Born December 27, 1964 in Taipei, Chi won the award for Best Documentary at the 2013 Golden Horse Awards for “Beyond Beauty”; he also directed the short films “Taiwan from the Air” and “Taichung: The Heart of Taiwan.” “Beyond Beauty II” was scheduled for release in 2019 and Chi is said to have been shooting footage for it when the accident occurred.

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Source: IndieWire film

June 11, 2017

A Tweetstorm Reveals the Nuances in the ‘Star Wars’ Prequels You Never Noticed

The “Star Wars” prequels aren’t especially well regarded, but the healing has begun. The success of “The Force Awakens” and “Rogue One” appears to have softened public perception of Episodes I–III, and blogger Glendon Mellow took to Twitter to reveal a number of nuances that most of us never picked up on while complaining about Jar Jar.

READ MORE: Memes Are Helping People Learn to Love the ‘Star Wars’ Prequels

For instance, were you aware of the connection between the music at the end of “Phantom Menace” and the Emperor’s theme from “Return of the Jedi”? Or the fact that “the elegance of the Old Republic is communicated mainly through architecture, Naboo-human and Gungan. Also with ring cities on Coruscant”? Mellow also went into detail on the prequels’ colonialism subtext, which he says was never fully developed — and might be the most interesting part of his tweet storm.

READ MORE: ‘Kylo’ Became One of the Most Popular Baby Names Last Year, Thanks to ‘Star Wars’

He even made a case for Anakin: “My wife once said to me, maybe his dialogue is cringey because he has zero models of how to speak romantically to someone. He’s a teen monk. His whole relationship with Padme is like an overeager 12 year old on a first date. And Padme seems to understand this. He’s straightfoward.”

Read more here, including Mellow’s thoughts on why it made sense for the clones to immediately execute Order 66.

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Source: IndieWire film

June 11, 2017

‘Beatriz at Dinner’ Pulls Specialty Crowds as ‘My Cousin Rachel’ Struggles

Fox Searchlight pushed Rachel Weisz melodrama “My Cousin Rachel” into national release this prime summer weekend, which boasts only one new wide studio opening. But the romantic mystery thriller failed to click with audiences.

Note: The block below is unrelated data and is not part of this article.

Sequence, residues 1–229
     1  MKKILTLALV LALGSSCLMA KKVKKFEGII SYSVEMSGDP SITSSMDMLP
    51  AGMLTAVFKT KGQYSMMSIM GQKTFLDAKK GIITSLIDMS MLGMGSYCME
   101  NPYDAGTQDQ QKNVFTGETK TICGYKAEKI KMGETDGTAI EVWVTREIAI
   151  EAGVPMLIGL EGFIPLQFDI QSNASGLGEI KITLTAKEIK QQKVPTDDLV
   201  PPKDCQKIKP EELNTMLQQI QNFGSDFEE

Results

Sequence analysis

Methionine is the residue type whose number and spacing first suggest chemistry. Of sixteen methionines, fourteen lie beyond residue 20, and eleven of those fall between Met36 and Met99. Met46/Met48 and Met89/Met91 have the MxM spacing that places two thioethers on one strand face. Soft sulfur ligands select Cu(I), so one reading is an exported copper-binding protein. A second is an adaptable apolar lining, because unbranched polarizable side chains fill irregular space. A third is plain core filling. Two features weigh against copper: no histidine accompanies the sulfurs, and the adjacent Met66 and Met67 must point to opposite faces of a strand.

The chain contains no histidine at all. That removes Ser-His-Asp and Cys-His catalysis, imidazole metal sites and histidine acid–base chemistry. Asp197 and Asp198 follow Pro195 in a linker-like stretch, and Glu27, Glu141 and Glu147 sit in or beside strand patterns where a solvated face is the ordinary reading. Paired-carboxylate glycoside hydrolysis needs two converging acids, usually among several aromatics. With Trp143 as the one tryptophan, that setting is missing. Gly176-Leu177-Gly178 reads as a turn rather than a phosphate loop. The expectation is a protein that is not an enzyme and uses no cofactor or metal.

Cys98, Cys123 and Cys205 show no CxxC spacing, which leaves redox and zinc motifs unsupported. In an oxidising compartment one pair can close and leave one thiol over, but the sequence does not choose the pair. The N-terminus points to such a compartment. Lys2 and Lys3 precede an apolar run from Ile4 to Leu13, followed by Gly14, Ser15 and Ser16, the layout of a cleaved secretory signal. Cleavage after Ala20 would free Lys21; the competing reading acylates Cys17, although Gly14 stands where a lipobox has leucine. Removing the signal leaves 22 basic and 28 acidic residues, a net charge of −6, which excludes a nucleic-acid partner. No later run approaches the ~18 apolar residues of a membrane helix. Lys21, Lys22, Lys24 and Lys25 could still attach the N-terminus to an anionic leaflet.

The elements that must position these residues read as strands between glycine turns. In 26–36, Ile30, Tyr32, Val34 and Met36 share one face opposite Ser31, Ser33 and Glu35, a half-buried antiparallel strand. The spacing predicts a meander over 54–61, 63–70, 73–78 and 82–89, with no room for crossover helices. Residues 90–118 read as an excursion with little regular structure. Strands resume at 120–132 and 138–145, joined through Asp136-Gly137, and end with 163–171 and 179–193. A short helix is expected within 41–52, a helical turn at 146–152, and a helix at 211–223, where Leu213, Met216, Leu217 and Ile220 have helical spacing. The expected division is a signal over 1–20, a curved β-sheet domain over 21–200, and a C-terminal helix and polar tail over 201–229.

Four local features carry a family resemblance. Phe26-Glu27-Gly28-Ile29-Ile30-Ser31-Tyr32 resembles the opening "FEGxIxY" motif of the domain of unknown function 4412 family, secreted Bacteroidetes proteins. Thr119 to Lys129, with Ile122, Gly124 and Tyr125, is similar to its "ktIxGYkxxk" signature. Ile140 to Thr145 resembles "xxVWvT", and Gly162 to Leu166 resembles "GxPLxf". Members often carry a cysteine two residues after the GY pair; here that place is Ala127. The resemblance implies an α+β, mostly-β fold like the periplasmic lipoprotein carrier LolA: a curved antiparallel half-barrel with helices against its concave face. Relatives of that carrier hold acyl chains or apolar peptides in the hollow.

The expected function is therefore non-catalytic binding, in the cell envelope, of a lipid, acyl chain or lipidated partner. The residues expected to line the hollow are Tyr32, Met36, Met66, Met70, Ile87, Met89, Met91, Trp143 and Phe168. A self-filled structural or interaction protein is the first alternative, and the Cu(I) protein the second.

On the other hand, Roadside Attractions kept Miguel Arteta’s Sundance hit “Beatriz at Dinner” in limited dates, where the edgy and compelling story of a mismatched dinner at a Southern California estate thrived in its first limited run. With a $30,000+ per theater average and a potential appeal beyond core art house audiences, this Salma Hayek starrer could make a significant impact in upcoming weeks.

Eleanor Coppola’s romance “Paris Can Wait” continues to lead wider releases, at a decent level for its theater break but significantly below such top 2016 crossover performers as “Love and Friendship” and “The Lobster” at this time.


My Cousin Rachel (Fox Searchlight) – Metacritic: 63

$954,000 in 523 theaters; PTA (per theater average): $1,824

Until recently this sort of specialized drama scored well in a conventional platform release with a calibrated expansion soon after. But Fox Searchlight chose a national multi-hundred initial break for this remake of this Daphne Du Maurier Gothic mystery (which gave Richard Burton his first Oscar nomination). Despite Weisz leading the cast, this did modest business. By comparison, a few weeks ago “Gifted” in about a tenth as many theaters did almost half the business of “My Cousin Rachel.” In a scattered weekend, the movie ranked #11 overall, and showed a normal adult-audience second-day increase of 48 per cent. But it will need a strong hold next weekend if it is to have any chance of sustaining more than a short run.

What comes next: It’s already close to as wide as many similar films unless good word of mouth justifies more an even broader expansion.

Beatriz at Dinner (Roadside Attractions) – Metacritic: 68; Festivals include: Sundance 2017

$150,160 in 5 theaters; PTA: $30,036

Miguel Arteta’s dark comedy pitting Salma Hayek vs. John Lithgow nabbed the strongest limited opening in recent weeks and one of the top of the year, with Los Angeles in particular responding to this story of an awkward encounter of a Mexican emigre and a group of wealthy people with whom she spends a troubled evening. With a compelling vibe similar to “Get Out,” “Beatriz” struck an initial chord. In upcoming weeks, this heady movie could combine arthouse audiences with Latino moviegoers.

What comes next: This expands to 70 theaters this Friday with a wider release right after.

The Hero (The Orchard) – Metacritic: 59; Festivals include: Sundance, Seattle 2017

$48,414 in 4 theaters; PTA: $12,104

Sam Elliott is getting strong reviews for his lead role as an aging Western star confronting multiple significant events in his life in quick succession. Its initial New York/Los Angeles results suggest some interest to give it a chance to find an audience, but it will take continued support and good word of mouth.

What comes next: The expands quickly to 30 theaters this Friday, with a projected 450 by the end of the month.

Night School (Oscilloscope) – Metacritic: 75; Festivals include: Tribeca 2016

$1,600 in theaters; PTA: $1,600

Getting a qualifying initial release in New York, this documentary about a group of older students struggling to achieve their educational goals in Indianapolis did modest business with limited shows at the IFC Center.

What comes next: Further big city openings are planned for this month.



Week Two

Churchill (Cohen)